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Thursday, January 28, 2010

Rights and Consequences

“Americans for Responsible Health Care is dedicated to protecting the right to choose your own doctor, the right to the procedure you need at the time and place of your choice.”

That statement was part of the organization’s full-page ad in the January 21 issue of The Boston Globe thanking the voters of Massachusetts and congratulating Scott Brown on his election to the U.S. Senate.

Statements like that sound good, but they hide some important truths. For example, “the right to choose your own doctor” also means that your insurance company has to pay whatever doctor you choose, regardless of competence or efficiency of practice. It also greatly weakens the hand of anyone negotiating with the doctor on financial or clinical matters.

Claiming the “right to the procedure you need” raises another issue. “Need” is a value judgment and the question is, who will make it? Shall it be left solely to the doctor and the patient without regard to the source of funds to pay for it? The “right to the procedure you need” as defined by the patient and the doctor is arguably one of the causes of the high cost of care.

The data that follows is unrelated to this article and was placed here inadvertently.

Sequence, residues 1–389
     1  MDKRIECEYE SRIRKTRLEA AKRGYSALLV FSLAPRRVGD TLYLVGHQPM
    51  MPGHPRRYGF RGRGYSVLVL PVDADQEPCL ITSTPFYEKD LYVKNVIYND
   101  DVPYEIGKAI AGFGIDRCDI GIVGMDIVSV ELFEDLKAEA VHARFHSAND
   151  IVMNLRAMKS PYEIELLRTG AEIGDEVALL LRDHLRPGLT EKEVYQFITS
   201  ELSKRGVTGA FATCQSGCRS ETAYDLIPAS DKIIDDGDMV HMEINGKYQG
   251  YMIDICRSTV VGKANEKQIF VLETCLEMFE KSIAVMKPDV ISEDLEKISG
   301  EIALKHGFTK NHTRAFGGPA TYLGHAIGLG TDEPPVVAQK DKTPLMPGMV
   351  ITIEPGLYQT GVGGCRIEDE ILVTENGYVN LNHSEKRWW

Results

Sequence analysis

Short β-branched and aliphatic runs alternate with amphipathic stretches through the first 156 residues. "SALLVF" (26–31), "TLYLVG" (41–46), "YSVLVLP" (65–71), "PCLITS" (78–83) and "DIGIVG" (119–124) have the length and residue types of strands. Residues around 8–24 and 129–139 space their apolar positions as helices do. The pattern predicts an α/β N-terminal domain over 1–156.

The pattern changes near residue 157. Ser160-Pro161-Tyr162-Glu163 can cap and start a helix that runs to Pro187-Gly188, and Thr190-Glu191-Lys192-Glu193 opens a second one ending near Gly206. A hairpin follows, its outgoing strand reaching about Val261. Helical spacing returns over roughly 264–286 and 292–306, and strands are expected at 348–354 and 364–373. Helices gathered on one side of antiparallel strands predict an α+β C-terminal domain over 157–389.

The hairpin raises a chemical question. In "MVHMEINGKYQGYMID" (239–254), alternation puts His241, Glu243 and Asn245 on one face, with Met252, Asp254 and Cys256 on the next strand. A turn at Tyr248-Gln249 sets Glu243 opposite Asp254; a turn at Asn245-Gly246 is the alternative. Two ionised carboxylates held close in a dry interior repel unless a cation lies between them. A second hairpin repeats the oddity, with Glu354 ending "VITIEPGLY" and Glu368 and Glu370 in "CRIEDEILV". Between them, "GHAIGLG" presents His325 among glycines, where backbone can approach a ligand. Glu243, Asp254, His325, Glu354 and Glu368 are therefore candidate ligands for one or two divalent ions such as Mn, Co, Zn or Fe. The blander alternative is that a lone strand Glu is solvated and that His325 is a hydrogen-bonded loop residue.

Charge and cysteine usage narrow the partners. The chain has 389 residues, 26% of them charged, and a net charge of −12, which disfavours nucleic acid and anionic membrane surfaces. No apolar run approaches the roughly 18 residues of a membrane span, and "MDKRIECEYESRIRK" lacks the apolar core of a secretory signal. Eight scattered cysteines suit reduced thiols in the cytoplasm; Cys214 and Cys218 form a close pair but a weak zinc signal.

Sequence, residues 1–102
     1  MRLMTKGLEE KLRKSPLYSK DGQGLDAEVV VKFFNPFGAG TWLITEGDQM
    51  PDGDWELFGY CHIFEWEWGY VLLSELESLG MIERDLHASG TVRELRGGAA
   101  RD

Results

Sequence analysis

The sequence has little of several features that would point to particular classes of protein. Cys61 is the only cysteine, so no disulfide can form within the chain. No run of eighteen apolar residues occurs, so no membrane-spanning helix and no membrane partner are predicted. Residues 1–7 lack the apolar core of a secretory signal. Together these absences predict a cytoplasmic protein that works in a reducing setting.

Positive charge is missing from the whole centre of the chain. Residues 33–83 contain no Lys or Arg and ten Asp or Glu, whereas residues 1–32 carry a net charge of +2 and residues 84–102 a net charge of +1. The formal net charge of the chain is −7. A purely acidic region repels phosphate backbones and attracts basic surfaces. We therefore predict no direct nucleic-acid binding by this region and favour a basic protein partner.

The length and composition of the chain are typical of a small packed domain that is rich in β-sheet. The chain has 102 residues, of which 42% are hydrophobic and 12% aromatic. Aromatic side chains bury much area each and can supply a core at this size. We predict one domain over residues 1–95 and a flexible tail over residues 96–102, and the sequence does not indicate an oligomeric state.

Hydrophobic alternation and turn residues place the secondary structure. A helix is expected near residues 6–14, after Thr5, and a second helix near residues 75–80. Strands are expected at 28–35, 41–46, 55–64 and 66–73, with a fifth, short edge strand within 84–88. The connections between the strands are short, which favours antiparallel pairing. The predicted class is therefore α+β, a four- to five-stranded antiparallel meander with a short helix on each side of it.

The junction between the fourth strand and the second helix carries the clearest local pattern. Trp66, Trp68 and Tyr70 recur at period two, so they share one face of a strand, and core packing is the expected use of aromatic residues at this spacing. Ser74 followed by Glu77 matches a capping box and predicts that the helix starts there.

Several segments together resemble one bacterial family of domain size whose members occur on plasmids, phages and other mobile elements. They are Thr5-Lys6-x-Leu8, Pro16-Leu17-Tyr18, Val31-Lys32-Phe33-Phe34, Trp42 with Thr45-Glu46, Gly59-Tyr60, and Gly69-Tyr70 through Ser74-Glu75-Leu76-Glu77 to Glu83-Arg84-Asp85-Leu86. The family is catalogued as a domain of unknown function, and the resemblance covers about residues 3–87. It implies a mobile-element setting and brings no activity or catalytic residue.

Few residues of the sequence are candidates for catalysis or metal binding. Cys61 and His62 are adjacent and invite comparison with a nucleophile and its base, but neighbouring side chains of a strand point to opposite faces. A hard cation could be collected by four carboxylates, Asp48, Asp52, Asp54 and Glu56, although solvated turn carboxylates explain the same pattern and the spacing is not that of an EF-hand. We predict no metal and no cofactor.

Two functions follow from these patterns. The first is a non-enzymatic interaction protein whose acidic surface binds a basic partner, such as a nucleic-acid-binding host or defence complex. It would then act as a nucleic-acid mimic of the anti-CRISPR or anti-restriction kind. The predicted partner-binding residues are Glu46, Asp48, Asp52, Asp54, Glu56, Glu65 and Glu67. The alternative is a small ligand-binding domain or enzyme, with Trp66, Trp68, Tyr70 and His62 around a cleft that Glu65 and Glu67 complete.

Then there is the right to get procedures “at the time and place of your choice.” For myself, I would like all the procedures I need to be available in the local village center, a three-minute drive from my house. And I’d like all my appointments to be at 9:00 a.m. Obviously, that is not practical.

If the cost of health care is to be brought under control, and if significant progress is to be made on quality, someone has to be responsible for doing it and accountable for results. It will not do to bind the hands of that someone by imposing “rights” without regard to their consequences.

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